7 θ =6.9, which means ω =tan(6.9 ) σ =.95σ. To be on the root locus, the pole σ + jω should satisfy + KG( σ + jω) =. We expand this equation as follows: s +6s +s +(6+ K) =. ( σ + jω) +6( σ + jω) + ( σ + jω)+(6 + K) =. ( σ +σ jω +σω ω j)+6(σ σωj ω ) σ +ωj +6+ K =. Separating real and imaginary parts as σ +σω +6σ 6ω σ +6+ K =, σ ω ω σω +ω =, and using ω =.95σ, we find σ =.866 and ω =.69 from the second equation. Using these values in the first equation, we find K = Editor (C) Imag Axis Note that the pink line indicates ζ =.559, cos θ = ζ(θ = ±6.9 ). c. The settling time, peak time for K found in (b) To estimate the settling time and peak time, we have to know the damping ratio and natural frequency. From the previous question, we found the damping ratio ζ (and natural frequency ω n as well if you used Matlab sisotool). If you solved (b) analytically, you know the pole p =.866 ± j.69. The imaginary part of the pole corresponds the damped natural frequency ω d, which is ω d = ω n ζ. Hence, the natural frequency ω n.9 (rad/s). The settling time T s /(ζω ( n )=.6(s). ) The peak time T p = π/ ω n ζ.(s). 7

8 .8 Step Response Amplitude Time (sec) Note that the setting time and peak time computed by the second order approximation well agree with the Matlab result plotted above. d. The locations of higher order poles for K found in (b) If the pole is purely real, + KG(s) = for s = σ. Solving +(σ +)(σ +)(σ +) = 9.7 numerically, we find σ =.68. Since , therefore the second order assumption is valid in this case. e. The range of K for stability We find the imaginary axis crossings by setting KG(jω) = (rule 7). Solving ω j 6ω +ωj +6+ K =, and separating to real and imaginary parts respectively, ω +ω =, 6ω +6+ K =, we find ω = and hence K = 6 6 = 6. At K = 6, the system is marginally stable and for K > 6 it becomes unstable. 8

MASSACHUSETTS INSTITUTE OF TECHNOLOGY Department of Mechanical Engineering Dynamics and Control II Fall 2007

MASSACHUSETTS INSTITUTE OF TECHNOLOGY Department of Mechanical Engineering Dynamics and Control II Fall 2007 MASSACHUSETTS INSTITUTE OF TECHNOLOGY Department of Mechanical Engineering.4 Dynamics and Control II Fall 7 Problem Set #9 Solution Posted: Sunday, Dec., 7. The.4 Tower system. The system parameters are

More information

EE C128 / ME C134 Fall 2014 HW 6.2 Solutions. HW 6.2 Solutions

EE C128 / ME C134 Fall 2014 HW 6.2 Solutions. HW 6.2 Solutions EE C28 / ME C34 Fall 24 HW 6.2 Solutions. PI Controller For the system G = K (s+)(s+3)(s+8) HW 6.2 Solutions in negative feedback operating at a damping ratio of., we are going to design a PI controller

More information

Homework 7 - Solutions

Homework 7 - Solutions Homework 7 - Solutions Note: This homework is worth a total of 48 points. 1. Compensators (9 points) For a unity feedback system given below, with G(s) = K s(s + 5)(s + 11) do the following: (c) Find the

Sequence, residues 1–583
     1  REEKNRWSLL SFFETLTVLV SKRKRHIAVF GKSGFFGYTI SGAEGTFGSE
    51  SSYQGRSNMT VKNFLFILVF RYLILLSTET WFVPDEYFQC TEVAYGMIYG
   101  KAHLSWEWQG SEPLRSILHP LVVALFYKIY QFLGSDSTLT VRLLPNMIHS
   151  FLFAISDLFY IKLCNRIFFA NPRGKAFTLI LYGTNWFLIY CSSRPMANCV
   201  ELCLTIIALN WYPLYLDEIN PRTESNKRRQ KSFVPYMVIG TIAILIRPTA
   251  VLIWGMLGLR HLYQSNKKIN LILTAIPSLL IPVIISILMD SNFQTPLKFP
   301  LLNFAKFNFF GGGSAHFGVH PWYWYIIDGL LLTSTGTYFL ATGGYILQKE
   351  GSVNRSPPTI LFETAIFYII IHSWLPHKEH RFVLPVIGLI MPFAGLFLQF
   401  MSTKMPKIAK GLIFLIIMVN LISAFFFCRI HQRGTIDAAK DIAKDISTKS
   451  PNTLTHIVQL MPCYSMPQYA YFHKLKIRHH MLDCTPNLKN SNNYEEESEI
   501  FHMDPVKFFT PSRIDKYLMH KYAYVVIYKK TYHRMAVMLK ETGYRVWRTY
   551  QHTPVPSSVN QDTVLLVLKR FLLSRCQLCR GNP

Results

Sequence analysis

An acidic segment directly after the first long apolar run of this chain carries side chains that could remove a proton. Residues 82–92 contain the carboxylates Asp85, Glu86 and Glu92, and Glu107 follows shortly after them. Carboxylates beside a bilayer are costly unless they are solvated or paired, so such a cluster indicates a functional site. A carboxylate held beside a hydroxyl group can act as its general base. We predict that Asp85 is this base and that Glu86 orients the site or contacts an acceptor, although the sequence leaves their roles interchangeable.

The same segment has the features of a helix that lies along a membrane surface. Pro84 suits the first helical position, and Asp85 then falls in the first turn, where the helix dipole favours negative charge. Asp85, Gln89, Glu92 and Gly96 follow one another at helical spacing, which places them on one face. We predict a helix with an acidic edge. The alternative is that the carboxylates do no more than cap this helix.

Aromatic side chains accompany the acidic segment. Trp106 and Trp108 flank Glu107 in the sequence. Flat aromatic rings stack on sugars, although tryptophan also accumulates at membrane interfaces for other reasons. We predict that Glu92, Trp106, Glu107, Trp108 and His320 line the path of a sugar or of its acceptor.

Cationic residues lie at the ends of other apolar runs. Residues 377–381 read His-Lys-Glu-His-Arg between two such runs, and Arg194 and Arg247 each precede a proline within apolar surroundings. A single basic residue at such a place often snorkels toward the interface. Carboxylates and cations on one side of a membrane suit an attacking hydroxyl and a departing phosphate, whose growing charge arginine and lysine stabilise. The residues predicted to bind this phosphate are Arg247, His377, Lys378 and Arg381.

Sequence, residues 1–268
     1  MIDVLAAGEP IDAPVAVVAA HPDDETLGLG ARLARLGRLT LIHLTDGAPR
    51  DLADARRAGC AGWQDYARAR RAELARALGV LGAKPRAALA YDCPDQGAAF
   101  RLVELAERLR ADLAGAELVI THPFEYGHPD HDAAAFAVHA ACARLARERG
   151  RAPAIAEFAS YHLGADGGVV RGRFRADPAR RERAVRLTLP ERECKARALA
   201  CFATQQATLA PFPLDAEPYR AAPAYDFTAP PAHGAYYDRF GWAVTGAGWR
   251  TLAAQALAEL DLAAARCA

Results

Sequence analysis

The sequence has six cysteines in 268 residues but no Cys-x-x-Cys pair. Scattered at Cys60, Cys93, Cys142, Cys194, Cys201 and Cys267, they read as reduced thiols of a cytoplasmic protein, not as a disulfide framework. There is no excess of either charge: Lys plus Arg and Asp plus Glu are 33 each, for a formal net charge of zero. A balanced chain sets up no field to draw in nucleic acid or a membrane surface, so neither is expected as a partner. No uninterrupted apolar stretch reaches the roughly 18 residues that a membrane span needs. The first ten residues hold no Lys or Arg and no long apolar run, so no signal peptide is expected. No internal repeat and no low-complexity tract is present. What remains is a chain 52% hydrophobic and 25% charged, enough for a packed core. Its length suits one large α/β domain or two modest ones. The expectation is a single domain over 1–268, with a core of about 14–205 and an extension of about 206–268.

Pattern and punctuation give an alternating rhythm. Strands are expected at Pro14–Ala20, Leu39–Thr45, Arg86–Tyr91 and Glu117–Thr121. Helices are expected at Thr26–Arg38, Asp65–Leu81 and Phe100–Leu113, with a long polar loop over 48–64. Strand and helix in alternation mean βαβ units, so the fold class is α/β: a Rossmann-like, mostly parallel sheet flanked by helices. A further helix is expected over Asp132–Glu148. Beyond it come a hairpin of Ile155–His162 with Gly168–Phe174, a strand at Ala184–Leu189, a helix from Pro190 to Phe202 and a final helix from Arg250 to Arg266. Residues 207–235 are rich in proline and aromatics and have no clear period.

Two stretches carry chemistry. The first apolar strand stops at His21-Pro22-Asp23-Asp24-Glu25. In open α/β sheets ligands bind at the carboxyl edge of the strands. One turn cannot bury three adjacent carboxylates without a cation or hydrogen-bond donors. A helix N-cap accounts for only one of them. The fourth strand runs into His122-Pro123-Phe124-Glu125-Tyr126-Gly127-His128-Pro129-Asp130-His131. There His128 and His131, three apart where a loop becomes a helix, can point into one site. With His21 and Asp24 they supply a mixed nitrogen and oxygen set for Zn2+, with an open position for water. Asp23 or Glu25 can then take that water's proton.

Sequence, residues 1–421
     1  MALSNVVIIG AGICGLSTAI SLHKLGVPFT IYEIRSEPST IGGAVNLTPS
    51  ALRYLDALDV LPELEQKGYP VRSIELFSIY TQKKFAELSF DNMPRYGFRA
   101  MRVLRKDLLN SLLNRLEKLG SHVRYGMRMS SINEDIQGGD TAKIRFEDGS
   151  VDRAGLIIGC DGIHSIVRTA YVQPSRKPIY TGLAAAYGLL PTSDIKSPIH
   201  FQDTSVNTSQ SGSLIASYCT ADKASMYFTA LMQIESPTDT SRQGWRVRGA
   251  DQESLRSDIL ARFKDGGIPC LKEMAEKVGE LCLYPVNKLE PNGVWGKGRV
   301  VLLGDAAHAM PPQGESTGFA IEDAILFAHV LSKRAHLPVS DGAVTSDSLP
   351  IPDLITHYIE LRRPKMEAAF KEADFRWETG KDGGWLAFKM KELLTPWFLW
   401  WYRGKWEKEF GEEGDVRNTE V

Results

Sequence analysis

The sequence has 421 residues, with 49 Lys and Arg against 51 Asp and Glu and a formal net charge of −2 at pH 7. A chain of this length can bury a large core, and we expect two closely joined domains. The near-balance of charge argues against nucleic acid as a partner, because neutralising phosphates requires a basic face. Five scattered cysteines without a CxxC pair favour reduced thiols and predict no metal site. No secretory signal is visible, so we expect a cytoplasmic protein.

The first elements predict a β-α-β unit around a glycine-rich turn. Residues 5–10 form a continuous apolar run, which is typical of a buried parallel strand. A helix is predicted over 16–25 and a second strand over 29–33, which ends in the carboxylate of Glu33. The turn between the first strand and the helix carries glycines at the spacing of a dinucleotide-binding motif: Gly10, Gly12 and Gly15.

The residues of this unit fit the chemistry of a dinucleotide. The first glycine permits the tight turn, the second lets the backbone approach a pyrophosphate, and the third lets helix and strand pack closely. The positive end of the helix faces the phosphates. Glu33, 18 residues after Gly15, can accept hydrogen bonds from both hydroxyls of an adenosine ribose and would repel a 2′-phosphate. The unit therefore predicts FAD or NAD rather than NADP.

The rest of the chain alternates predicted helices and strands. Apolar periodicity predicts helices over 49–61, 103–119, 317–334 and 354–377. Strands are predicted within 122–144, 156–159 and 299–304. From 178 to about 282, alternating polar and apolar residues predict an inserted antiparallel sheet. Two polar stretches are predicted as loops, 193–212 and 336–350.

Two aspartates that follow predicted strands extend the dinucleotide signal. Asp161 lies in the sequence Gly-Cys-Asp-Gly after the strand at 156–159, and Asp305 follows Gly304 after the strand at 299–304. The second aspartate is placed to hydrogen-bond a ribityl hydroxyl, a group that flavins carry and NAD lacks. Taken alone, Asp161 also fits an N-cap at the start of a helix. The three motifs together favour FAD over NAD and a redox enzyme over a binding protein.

More information

Software Engineering 3DX3. Slides 8: Root Locus Techniques

Software Engineering 3DX3. Slides 8: Root Locus Techniques Software Engineering 3DX3 Slides 8: Root Locus Techniques Dr. Ryan Leduc Department of Computing and Software McMaster University Material based on Control Systems Engineering by N. Nise. c 2006, 2007

More information

If you need more room, use the backs of the pages and indicate that you have done so.

If you need more room, use the backs of the pages and indicate that you have done so. EE 343 Exam II Ahmad F. Taha Spring 206 Your Name: Your Signature: Exam duration: hour and 30 minutes. This exam is closed book, closed notes, closed laptops, closed phones, closed tablets, closed pretty

More information

Root Locus Techniques

Root Locus Techniques 4th Edition E I G H T Root Locus Techniques SOLUTIONS TO CASE STUDIES CHALLENGES Antenna Control: Transient Design via Gain a. From the Chapter 5 Case Study Challenge: 76.39K G(s) = s(s+50)(s+.32) Since

More information

Module 3F2: Systems and Control EXAMPLES PAPER 2 ROOT-LOCUS. Solutions

Module 3F2: Systems and Control EXAMPLES PAPER 2 ROOT-LOCUS. Solutions Cambridge University Engineering Dept. Third Year Module 3F: Systems and Control EXAMPLES PAPER ROOT-LOCUS Solutions. (a) For the system L(s) = (s + a)(s + b) (a, b both real) show that the root-locus

More information

EE C128 / ME C134 Fall 2014 HW 8 - Solutions. HW 8 - Solutions

EE C128 / ME C134 Fall 2014 HW 8 - Solutions. HW 8 - Solutions EE C28 / ME C34 Fall 24 HW 8 - Solutions HW 8 - Solutions. Transient Response Design via Gain Adjustment For a transfer function G(s) = in negative feedback, find the gain to yield a 5% s(s+2)(s+85) overshoot

More information

Lecture 1 Root Locus

Lecture 1 Root Locus Root Locus ELEC304-Alper Erdogan 1 1 Lecture 1 Root Locus What is Root-Locus? : A graphical representation of closed loop poles as a system parameter varied. Based on Root-Locus graph we can choose the

More information

2.004 Dynamics and Control II Spring 2008

2.004 Dynamics and Control II Spring 2008 MT OpenCourseWare http://ocw.mit.edu.004 Dynamics and Control Spring 008 For information about citing these materials or our Terms of Use, visit: http://ocw.mit.edu/terms. Massachusetts nstitute of Technology

More information

Due Wednesday, February 6th EE/MFS 599 HW #5